I work in the commercial construction business and safety is A Big Deal. We are continually reminded that if we don't think we can do a job safely, we have the right to "stop work". So, applying that logic to the railroad, if a conductor has to walk a train in freezing weather and doesn't think he can do it safely, can he "stop work". It seems that the answer is generally "no" because the dispatcher or trainmaster will generally take the position that the conductor should have been smart enough to dress for the weather.

I don't envy you professional railroaders who have to deal with cold weather. I have memories of Conrail trying to get grain trains out of Logansport during the winter of 1976-77. I was a new clerk and very wet behind the ears. That was the first time I ever heard about the car department's "snifter" that they coupled into the train line so they could pour in alcohol to dry out the air. Even with all the effort, one of those trains took about 12 hours to get out of the yard and up the hill at the east end of Yard A.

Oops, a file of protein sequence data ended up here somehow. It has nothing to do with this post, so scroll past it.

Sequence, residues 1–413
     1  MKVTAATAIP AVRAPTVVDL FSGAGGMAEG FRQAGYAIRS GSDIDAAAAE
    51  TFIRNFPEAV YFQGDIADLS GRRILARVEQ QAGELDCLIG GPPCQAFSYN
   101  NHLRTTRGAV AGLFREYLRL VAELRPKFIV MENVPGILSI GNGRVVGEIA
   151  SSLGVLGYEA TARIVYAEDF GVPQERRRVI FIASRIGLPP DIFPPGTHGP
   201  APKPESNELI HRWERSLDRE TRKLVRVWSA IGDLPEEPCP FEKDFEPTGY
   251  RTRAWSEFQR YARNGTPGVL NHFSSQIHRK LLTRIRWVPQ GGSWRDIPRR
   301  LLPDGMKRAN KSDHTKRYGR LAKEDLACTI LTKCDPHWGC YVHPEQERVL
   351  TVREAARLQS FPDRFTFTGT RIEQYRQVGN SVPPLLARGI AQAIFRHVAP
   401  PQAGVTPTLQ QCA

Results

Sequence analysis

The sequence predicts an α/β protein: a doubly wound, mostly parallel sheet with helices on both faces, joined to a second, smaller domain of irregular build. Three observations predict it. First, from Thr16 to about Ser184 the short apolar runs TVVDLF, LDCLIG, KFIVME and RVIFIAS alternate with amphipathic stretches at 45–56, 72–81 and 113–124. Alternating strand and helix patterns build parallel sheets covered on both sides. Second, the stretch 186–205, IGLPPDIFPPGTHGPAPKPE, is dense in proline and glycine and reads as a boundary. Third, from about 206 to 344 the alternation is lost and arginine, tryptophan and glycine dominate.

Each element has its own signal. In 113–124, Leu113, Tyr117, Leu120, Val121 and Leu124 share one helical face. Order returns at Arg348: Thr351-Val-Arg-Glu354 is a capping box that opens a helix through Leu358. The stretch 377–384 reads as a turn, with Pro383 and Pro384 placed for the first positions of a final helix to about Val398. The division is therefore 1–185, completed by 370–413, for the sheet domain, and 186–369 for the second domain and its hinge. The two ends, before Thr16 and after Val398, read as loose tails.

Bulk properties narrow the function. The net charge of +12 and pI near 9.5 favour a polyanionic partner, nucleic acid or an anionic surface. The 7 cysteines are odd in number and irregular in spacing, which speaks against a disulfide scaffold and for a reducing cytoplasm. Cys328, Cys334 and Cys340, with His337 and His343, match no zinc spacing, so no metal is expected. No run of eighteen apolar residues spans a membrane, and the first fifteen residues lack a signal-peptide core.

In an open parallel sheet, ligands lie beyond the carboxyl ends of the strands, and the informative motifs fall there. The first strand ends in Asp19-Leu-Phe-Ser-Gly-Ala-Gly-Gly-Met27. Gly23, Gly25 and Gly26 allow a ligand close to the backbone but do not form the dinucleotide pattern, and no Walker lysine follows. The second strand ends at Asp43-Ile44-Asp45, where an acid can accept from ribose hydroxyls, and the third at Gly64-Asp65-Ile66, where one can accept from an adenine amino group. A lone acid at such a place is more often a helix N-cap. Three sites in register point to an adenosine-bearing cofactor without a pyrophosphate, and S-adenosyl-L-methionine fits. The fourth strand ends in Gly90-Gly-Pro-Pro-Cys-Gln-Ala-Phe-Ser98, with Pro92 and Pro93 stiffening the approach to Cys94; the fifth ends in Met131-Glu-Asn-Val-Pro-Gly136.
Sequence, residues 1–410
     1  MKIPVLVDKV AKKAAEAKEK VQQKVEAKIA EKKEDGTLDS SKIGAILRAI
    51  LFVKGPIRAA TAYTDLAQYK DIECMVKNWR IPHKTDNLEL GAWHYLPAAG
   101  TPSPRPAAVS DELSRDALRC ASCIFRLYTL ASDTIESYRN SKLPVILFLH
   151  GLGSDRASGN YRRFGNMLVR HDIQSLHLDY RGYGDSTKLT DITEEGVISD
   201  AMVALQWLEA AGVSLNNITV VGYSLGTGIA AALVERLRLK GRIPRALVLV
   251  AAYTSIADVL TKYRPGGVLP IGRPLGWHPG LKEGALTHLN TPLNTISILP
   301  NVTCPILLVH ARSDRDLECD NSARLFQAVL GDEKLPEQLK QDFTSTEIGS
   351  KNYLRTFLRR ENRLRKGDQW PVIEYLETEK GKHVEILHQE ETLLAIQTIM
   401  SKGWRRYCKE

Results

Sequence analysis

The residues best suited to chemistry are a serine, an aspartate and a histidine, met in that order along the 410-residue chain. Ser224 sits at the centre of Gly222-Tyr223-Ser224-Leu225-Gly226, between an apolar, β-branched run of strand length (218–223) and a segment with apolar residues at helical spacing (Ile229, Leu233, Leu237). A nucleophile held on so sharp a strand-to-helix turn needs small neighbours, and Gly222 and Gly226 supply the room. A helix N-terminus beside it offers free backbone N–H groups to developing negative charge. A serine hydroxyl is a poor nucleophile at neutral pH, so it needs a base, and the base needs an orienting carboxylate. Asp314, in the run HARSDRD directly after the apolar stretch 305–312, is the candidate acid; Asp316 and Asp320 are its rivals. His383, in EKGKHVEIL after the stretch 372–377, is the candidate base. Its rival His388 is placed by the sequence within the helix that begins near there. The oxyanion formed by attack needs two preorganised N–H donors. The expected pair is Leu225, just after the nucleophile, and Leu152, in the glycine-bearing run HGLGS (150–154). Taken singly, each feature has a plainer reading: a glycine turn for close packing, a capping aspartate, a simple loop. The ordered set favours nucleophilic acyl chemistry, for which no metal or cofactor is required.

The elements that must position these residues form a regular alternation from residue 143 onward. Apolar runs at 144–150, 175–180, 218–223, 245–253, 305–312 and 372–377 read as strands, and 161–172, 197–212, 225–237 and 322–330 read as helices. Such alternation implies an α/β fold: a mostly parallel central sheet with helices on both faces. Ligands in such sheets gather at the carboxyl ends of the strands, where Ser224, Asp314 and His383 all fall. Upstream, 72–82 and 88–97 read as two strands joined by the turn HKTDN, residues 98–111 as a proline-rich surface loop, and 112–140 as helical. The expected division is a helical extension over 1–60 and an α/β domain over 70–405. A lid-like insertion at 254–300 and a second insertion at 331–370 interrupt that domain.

Rick

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NS Still Running
« Reply #20 on: February 01, 2019, 07:32:38 AM »
minneSOta.
I bet sub zero temps were normal for you then.  This was definitely the coldest Iíve ever worked in but Iíll say it wasnít terrible.  Dress appropriately and stay hydrated with water and warm liquids it was fine.  Being able to bounce in and out of the weather helped too.  Donít know if Iíd have the same thought if I was a maintainer though.  They definitely earned their keep this week. I think the coldest it got here was -22 but I havenít checked the news lately.  Definitely set the record for coldest high for the day. It was -14 according to my phone at one time.


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Rick

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Re: NS Still Running
« Reply #21 on: February 01, 2019, 07:49:54 AM »